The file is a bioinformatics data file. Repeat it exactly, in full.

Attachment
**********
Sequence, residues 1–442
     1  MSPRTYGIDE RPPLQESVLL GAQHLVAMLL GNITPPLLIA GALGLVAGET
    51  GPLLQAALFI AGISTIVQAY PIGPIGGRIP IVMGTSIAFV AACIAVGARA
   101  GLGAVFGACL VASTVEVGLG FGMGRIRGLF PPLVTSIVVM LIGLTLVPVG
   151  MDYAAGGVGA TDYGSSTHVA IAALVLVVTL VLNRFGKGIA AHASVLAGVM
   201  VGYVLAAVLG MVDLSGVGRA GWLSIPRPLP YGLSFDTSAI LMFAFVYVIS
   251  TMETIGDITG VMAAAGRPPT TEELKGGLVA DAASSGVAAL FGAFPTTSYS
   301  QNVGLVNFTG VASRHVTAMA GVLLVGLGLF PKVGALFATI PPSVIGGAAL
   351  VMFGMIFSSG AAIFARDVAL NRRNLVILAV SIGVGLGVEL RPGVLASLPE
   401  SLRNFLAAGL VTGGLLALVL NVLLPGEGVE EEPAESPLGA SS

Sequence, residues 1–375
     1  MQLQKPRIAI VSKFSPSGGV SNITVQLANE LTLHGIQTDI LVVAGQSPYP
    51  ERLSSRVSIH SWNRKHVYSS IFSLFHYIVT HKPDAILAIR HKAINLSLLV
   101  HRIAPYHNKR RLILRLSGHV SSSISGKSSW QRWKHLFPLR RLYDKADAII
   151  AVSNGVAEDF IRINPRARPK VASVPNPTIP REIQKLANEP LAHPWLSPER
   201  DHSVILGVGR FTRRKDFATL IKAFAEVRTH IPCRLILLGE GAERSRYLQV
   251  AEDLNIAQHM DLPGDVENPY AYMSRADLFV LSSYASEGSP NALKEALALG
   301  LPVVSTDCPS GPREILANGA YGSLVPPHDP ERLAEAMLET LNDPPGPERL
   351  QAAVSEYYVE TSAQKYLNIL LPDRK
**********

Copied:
Sequence, residues 1–442
     1  MSPRTYGIDE RPPLQESVLL GAQHLVAMLL GNITPPLLIA GALGLVAGET
    51  GPLLQAALFI AGISTIVQAY PIGPIGGRIP IVMGTSIAFV AACIAVGARA
   101  GLGAVFGACL VASTVEVGLG FGMGRIRGLF PPLVTSIVVM LIGLTLVPVG
   151  MDYAAGGVGA TDYGSSTHVA IAALVLVVTL VLNRFGKGIA AHASVLAGVM
   201  VGYVLAAVLG MVDLSGVGRA GWLSIPRPLP YGLSFDTSAI LMFAFVYVIS
   251  TMETIGDITG VMAAAGRPPT TEELKGGLVA DAASSGVAAL FGAFPTTSYS
   301  QNVGLVNFTG VASRHVTAMA GVLLVGLGLF PKVGALFATI PPSVIGGAAL
   351  VMFGMIFSSG AAIFARDVAL NRRNLVILAV SIGVGLGVEL RPGVLASLPE
   401  SLRNFLAAGL VTGGLLALVL NVLLPGEGVE EEPAESPLGA SS

Sequence, residues 1–375
     1  MQLQKPRIAI VSKFSPSGGV SNITVQLANE LTLHGIQTDI LVVAGQSPYP
    51  ERLSSRVSIH SWNRKHVYSS IFSLFHYIVT HKPDAILAIR HKAINLSLLV
   101  HRIAPYHNKR RLILRLSGHV SSSISGKSSW QRWKHLFPLR RLYDKADAII
   151  AVSNGVAEDF IRINPRARPK VASVPNPTIP REIQKLANEP LAHPWLSPER
   201  DHSVILGVGR FTRRKDFATL IKAFAEVRTH IPCRLILLGE GAERSRYLQV
   251  AEDLNIAQHM DLPGDVENPY AYMSRADLFV LSSYASEGSP NALKEALALG
   301  LPVVSTDCPS GPREILANGA YGSLVPPHDP ERLAEAMLET LNDPPGPERL
   351  QAAVSEYYVE TSAQKYLNIL LPDRK